The college where I teach has a solution that is somewhat different than using a single heater. There are small units that support perhaps two restrooms. They make a distinct noise when coming on, so if you are in the men's room you hear the unite activate if hot water is used in the women's room. These are small units, not suitable for an entire home, but there are several of them throughout the building.

blackspanielgallery 11 days ago

The comment about solar is that one version, and there are varied types, has water pass through black carbon pipes to heat, which flow into a tank. At night if you use up all of the hot water in the tank the sun wll not heat the carbon pipes. Unlike solar power, solar water heaters, at least some, heat the water by absorbed sunlight without converting to electricity. Electricity and charge batteries, but how do you heat water in the absence of sunlight without an alternate source? So, solar water heaters are beneficial part of the time.

blackspanielgallery 11 days ago

It is nice so many people are going green. And, even those not so inclined could participate if only to save money, so it is good that his point be made. Perhaps it will influence some, even if just one.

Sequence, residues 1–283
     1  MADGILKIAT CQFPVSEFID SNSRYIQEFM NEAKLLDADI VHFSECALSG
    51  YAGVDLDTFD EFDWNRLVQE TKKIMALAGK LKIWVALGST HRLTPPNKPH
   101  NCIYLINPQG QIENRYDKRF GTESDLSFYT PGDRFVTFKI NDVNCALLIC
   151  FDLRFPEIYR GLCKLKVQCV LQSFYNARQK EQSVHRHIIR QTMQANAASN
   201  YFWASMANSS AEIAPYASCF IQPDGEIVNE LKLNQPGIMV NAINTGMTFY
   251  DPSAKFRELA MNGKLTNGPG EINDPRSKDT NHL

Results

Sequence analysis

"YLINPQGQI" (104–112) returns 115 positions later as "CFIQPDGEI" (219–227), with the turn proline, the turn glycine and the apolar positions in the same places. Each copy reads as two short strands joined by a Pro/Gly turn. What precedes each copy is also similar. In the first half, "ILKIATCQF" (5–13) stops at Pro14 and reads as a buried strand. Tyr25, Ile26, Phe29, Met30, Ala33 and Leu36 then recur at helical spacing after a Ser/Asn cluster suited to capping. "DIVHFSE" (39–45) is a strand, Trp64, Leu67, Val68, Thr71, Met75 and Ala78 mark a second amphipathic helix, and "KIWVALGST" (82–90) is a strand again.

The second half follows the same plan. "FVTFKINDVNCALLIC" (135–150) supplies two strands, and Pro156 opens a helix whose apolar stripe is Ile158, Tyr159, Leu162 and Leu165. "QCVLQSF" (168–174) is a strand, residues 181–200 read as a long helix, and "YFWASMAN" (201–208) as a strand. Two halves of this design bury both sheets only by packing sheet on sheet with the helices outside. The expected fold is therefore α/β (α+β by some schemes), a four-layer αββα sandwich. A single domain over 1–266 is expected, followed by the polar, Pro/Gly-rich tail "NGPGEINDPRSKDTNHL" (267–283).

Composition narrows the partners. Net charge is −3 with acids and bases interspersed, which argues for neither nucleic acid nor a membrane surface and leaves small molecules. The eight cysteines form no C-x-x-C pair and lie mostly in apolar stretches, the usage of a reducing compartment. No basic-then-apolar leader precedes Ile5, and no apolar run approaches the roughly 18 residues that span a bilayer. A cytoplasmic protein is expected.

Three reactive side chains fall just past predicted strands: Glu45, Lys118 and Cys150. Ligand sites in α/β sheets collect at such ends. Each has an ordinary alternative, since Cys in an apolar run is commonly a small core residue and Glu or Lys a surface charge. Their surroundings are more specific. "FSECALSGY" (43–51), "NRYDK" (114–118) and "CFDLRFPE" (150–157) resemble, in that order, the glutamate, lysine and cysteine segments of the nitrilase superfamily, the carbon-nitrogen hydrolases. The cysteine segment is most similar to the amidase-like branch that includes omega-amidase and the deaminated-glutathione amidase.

DerdriuMarriner 11 days ago

blackspanielgallery, Thank you for practicalities and products. Solar always attracts my attention. But why is it that "if you drain the tank when the sun is not out," then "an alternate heat source is needed"?

Veronica 11 days ago

Dusty it has been better for us. Plus I enjoy the fact that I turn the water tap ( faucet ) on and it is almost instant hot water just what I have used. It is worth investing in a new one financially and environmentally.

dustytoes 11 days ago

I have the old style of water heater currently but will be switching to tankless when this one gives out - which I think will be soon!

Veronica 11 days ago

I have a tankless heater which I think is called a Combi Boiler here in UK . It has saved us an unbelievable amount of money nearly £1000 over the last 4 years. WE no longer have to heat an entire tank of water just to wash a few dishes ! We had an old water tank which took half an hour to heat . We'd have a shower and just use part of it . Wasted heated water !

The savings to the environment and our pockets are vast.
An excellent article.

frankbeswick 11 days ago

A useful article. I have a tankless heater.